The latest Phil Evans column from the South Wales Evening Post
The latest Phil Evans column from the South Wales Evening Post.
Comedian Phil Evans is from Ammanford. He is known as the man who puts the ‘cwtsh’ into comedy.
Seeing red at Trafalgar Square traffic lights!
Some weeks it takes ages to find suitably amusing or controversial subjects to undergo the Phil Evans treatment.
Other weeks, I simply recount incidents I’ve witnessed or experienced myself.
Ideas often spring from overhearing a private conversation.
Yes, dear reader, as you know, usually in a coffee shop – for which I accept no blame.
Most coffee shops place their tables ‘soclosetogether’, if four ladies to my immediate right decide to confess past sins or current misdemeanours over a quartet of flat whites, what am I expected to do? Stuff paper napkins in my ears?
Besides, it doesn’t work.
And I always feel a fool later in the day when someone asks the daft question, “Did you know you’ve got paper napkins in your ears?”
Not that I can hear them with paper napkins in my ears.
Then, once in a while, an idea will walk up to me, grab me by the lapels and shout ,“You have to use me!”
In the Trafalgar Square area, Transport For London has replaced 50 perfectly adequate traffic lights on which the ‘green man’ lit up when it was safe for pedestrians to cross, with politically correct, gay-friendly traffic lights.
Instead of a single ‘green man’, the new lights feature two men holding hands or two women holding hands.
The director of Pride, Alison Camps, commented, “These lights are a perfect display of how people live their lives as they want to in a city that recognises each and every one of us for who we are.”
Most cities recognise us for who we are.
I have gay friends and family members. I get on well with gay people I work with. I never judge a person by their sexuality, but by how well (or otherwise) they treat other people.
But gay-friendly traffic lights?
Apparently, they’ve already caused confusion with foreign visitors.
Dads take their sons across the road, leaving their wives behind because they don’t think they’re allowed to cross.
Will single gay men and women crossing the road get upset/jealous seeing two gay people pictured happily holding hands?
To let blind gay people know it’s safe to cross, will the usual ‘beeping’ sounds be replaced by short bursts of “I Am What I Am” and other Broadway show tunes?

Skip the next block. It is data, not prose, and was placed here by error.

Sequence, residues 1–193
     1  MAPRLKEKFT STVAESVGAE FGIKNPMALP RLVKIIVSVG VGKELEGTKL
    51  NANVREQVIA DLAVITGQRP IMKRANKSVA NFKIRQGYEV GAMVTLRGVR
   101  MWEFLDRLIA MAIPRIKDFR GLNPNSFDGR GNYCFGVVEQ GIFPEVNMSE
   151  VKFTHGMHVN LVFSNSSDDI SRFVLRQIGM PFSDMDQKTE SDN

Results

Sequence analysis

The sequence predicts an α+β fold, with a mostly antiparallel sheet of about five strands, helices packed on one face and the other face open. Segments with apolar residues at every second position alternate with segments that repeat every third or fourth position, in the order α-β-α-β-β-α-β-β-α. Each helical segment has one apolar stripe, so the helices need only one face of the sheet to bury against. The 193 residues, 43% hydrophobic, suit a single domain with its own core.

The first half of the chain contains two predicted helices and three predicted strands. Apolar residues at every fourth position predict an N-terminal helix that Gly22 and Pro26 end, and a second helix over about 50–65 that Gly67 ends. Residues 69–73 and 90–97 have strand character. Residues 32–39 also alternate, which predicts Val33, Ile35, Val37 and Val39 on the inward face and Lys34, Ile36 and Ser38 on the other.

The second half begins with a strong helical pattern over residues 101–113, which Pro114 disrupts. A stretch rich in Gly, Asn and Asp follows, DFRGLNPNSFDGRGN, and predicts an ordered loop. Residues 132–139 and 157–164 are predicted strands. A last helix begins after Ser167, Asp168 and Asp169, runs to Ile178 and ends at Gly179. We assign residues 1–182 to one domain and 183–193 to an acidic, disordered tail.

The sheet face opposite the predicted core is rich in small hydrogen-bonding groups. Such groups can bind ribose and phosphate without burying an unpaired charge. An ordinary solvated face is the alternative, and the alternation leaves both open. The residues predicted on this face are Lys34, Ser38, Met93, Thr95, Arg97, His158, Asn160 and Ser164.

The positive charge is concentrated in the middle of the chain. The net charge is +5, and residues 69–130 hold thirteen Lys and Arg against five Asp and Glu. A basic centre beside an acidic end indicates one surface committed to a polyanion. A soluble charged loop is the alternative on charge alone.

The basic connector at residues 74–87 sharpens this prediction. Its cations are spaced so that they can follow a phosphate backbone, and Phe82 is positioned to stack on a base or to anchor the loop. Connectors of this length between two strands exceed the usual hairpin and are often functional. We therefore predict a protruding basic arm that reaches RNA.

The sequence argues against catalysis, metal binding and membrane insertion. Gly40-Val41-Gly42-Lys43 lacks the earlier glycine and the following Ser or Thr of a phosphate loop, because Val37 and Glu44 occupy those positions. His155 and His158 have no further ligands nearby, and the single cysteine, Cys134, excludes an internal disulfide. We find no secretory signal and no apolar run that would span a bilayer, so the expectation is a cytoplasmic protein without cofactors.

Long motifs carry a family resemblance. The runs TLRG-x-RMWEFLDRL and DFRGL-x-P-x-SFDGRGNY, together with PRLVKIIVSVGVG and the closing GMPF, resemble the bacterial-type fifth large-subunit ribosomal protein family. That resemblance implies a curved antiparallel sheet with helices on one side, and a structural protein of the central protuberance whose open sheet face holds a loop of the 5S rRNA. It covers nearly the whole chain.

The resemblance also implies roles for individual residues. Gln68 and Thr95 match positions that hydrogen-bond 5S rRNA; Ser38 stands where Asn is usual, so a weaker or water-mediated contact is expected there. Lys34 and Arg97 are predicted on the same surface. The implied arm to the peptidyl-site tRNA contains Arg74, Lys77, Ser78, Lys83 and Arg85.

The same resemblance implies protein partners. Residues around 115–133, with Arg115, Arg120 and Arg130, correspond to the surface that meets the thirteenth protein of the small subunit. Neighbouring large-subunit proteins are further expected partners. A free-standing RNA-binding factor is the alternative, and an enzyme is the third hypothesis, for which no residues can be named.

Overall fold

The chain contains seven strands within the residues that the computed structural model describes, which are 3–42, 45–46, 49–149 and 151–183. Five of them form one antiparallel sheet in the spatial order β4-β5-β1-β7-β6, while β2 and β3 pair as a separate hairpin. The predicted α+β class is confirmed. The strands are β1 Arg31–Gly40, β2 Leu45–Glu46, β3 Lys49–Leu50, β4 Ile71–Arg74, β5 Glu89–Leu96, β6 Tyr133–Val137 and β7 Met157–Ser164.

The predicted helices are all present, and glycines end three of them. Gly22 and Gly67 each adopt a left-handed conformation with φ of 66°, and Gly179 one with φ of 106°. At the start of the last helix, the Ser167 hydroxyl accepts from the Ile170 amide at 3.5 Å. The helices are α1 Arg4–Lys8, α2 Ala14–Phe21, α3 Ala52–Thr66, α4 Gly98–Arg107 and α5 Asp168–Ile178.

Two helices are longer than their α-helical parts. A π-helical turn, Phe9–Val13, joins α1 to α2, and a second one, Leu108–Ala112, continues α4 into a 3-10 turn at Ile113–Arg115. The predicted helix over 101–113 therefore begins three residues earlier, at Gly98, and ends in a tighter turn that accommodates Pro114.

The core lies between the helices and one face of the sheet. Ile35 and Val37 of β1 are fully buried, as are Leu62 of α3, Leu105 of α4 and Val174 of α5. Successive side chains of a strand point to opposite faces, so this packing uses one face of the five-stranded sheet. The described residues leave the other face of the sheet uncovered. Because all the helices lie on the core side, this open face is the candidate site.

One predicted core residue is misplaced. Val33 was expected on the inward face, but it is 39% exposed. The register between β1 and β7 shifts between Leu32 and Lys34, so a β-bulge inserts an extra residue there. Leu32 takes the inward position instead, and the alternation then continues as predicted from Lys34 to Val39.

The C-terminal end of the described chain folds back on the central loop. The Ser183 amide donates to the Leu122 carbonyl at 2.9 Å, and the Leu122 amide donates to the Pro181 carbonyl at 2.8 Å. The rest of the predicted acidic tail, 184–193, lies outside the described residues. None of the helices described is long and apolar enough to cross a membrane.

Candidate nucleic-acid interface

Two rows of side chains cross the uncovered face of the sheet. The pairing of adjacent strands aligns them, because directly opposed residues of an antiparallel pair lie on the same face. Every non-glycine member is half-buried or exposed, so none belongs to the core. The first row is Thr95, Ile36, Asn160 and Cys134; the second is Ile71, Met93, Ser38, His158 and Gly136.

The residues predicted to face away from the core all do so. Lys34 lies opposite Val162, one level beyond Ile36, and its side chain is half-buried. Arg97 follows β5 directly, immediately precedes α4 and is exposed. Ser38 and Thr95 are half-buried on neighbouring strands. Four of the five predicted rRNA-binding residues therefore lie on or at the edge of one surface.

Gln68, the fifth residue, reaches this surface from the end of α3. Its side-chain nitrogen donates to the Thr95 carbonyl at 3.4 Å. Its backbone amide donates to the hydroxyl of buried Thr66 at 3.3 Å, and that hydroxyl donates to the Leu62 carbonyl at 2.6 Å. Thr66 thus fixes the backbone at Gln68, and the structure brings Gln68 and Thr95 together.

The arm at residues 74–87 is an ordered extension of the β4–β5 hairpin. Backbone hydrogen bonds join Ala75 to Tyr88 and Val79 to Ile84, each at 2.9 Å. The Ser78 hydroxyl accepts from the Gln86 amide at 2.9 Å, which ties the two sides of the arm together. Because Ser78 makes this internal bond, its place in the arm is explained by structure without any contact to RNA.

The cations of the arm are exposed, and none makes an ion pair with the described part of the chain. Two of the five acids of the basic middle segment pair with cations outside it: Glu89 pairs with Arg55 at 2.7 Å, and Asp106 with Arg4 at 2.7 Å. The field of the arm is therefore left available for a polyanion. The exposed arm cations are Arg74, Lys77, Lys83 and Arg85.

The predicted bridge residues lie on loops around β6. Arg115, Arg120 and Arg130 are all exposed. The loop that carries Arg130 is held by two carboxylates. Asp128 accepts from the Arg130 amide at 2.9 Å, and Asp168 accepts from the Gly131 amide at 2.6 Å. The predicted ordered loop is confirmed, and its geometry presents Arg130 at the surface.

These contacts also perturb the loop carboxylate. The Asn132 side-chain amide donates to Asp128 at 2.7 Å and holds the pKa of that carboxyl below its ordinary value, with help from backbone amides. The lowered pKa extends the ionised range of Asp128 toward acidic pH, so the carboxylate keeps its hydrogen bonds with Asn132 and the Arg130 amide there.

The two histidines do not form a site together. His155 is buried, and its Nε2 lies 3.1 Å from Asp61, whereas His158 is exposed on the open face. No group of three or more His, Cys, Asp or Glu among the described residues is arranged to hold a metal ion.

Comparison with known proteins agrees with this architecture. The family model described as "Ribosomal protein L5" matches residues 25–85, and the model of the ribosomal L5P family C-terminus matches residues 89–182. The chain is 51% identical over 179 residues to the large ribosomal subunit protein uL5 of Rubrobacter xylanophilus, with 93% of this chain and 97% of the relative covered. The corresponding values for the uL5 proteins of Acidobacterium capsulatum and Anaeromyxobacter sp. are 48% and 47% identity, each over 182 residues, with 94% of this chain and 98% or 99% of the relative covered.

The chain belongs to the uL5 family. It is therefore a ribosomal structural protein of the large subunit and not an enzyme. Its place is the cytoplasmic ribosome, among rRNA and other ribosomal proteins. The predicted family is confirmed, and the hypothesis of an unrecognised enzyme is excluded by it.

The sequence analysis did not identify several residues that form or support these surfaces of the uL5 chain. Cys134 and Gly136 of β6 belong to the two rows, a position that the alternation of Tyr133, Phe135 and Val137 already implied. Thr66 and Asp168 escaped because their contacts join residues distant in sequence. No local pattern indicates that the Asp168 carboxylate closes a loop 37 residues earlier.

And if ever they play “In The Navy”, look up and see if Nelson’s joining in or turning a blind eye to it all.
Let us try appreciating a bit more!
When was the last time that you called your internet provider to let them know that they are doing a great job and that your connection didn’t go down once this month?
How about your phone company? Gas? Electric? Sounds silly I know!
I would imagine probably never.
We only call them when things go bad.
This is a scary pattern that we have in our lives.
We are constantly complaining when things aren’t good, but never recognising or appreciative when things go well.
Do you know how easily you could make someone’s day by calling them up just to tell them that they are doing a good job and everything is working well?
We could also relate this to work or home life.
Let someone you know or someone that works for you know how much you appreciate their effort . . . for no reason whatsoever.
Tell your significant other how much they mean to you . . . for no reason whatsoever.
Recognise the positive things in your life, and the positive things will recognise you in return.
We all like to feel appreciated; give it a try.
You can thank me later.
A cwtsh a day keeps the doctor away!
A cwtsh from someone can take away your pain better than paracetamol - new scientific research has found.
This has got to be welcome news as in Britain we spend around £500m every year on painkillers - with the same amount again spent by the NHS on more powerful prescription-only medicines.
But it all depends on who the cwtsh is coming from - as a physical sign of warmth from a stranger does not have the same effect.
Scientists believe that this is because we have no feelings towards them - and argue it's the emotional bond we feel towards the person touching us which helps alleviate aches and pains.
The discovery is all centred on the power of the brain to control pain.
I have always been a bit of an ambassador for the good old Welsh cwtsh, especially when the spelling is right. By the way, don't get me started on this one!
I might even campaign for a public holiday in Wales, a national Cwtsh Day!
Well, you know what they say . . . you can only get a Cwtsh in Wales!
You can follow Phil Evans on Twitter @philevanswales and www.philevans.co.uk